The Novels

Economics 101, a Novel (Rough Draft) -- My first sustained attempt at a novel, two-thirds finished in rough draft, and heading a little too far south.
What would you do if you and your study partner, with whom you had been seriously discussing marriage, suddenly found yourselves all alone together on a desert island? Study economics?
Sociology 500, a Romance (Second Draft) -- The first book in the Economics 101 Trilogy.(On hold.)
Karel and Dan, former American football teammates and now graduate students, meet fellow graduate students Kristie and Bobbie, and the four form a steady study group.

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Sociology 500, a Romance, ch 1 pt 1 -- Introducing Bobbie

TOC Well, let's meet Roberta Whitmer. Bobbie entered the anthropology department office and looked around. Near the receptionis...

Saturday, June 4, 2016

Economics 101, a Novel, ch 001 -- the Framing Story

[JMR20160909: This was a blind alley. Where I am currently working is in the initial (rough) draft of this chapter, here:]
You can find my excuses for writing this novel here:

Framing Story

"Your doctoral thesis plan looks good, but you'll need to do some on-location research."

Karel Pratt nodded his agreement. "I guess I should have said that in the plan? Should I revise the plan to say something about needing the fieldwork, but not yet knowing when and where?"

Professor MacVittie tilted his head. "Well, you could, but I think you know enough to be somewhat specific already. You should even be able to name several islands as possibilities."

Karel scratched his chin thoughtfully. "Sure, I can say I'm looking at a few locations, but don't know which, yet, I guess."

"Sounds reasonable." MacVittie paused. "Say, do you know Roberta Whitmer"?

"Not really. I think I've met her. She calls herself Bobbie, right? And she's in the anthropology program, too?"

"Yes. Her thesis seems like it might complement yours. Professor White and I were thinking you might want to talk with her. Just a suggestion, of course, but it often helps to have someone you can work with."

"Okay. I'll talk with her and see."

"You two never seem to get together anywhere but in my office."

"We meet at the library, too." Bobbie looked a little taken aback.

"Once a month?"

"Once a week."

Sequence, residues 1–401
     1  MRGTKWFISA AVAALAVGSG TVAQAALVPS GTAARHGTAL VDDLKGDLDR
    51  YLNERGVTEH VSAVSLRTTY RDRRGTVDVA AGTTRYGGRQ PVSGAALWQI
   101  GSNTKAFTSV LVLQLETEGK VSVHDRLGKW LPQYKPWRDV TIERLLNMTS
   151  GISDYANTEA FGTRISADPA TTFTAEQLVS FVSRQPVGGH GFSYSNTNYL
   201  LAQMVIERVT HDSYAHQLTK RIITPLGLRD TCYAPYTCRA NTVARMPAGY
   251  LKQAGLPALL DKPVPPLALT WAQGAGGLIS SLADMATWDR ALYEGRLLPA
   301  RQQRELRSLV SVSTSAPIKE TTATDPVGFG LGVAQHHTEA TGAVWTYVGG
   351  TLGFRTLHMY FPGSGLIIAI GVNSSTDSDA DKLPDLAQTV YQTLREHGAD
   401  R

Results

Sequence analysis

"Was my suggestion about backing each other up during the fieldwork phase a bad suggestion?"

"No. It's a great idea. We're working together on the plans for traveling. But our theses are different enough that we really don't have that much to talk over besides the schedule, flight plans, and such." Karel shrugged.

"We actually went to the airport together to find the closest planes," Bobbie volunteered.

Karel continued: "And we've written to some consulates and gotten names of some charter companies and independent pilots. We've even talked with travel agents who have put us in touch with people in New York who handle tours of our islands."

"People keep asking us if this is our honeymoon. Silly people." Bobbie grinned.

"Not so silly if they've never met you twp. Okay, so you're ahead of me on setting up your plans."

"Not very far ahead," said Karel. "We needed to talk with you about what we've found so far, and we would definitely appreciate it if we could have someone check our tentative plans over. Which is why we are here, now."

In the end, the faculty and Sister MacVittie decided it would be best for Professor MacVittie to accompany them for the first two weeks. That way he could help them solve the early problems they would find.

Sister MacVittie was especially excited to go along, and to take their youngest son, who was preparing to go on his mission.

(Sister MacVittie is Professor MacVittie's wife, if you are wondering. God is the Father of us all, so everyone in the Church is a brother or a sister.)

Bobbie and Karel chose four islands for their fieldwork, and they lengthened the schedule to allow a month on each of four islands. They wanted to give themselves time to find opportunities for volunteer service work, in the expectation that the service work would help them get to know the islanders better. Good relationships with the islanders would be essential for obtaining meaningful research results.

Ultimately, things went well for the four months, and we are not interested in the details. At least, not at this moment. If this were a normal novel, we would be interested, but it's just the framing story for our experiment.

Besides, I'd have to do more research, okay? The whole purpose of this story is to set up a simple economic system for thought experiments.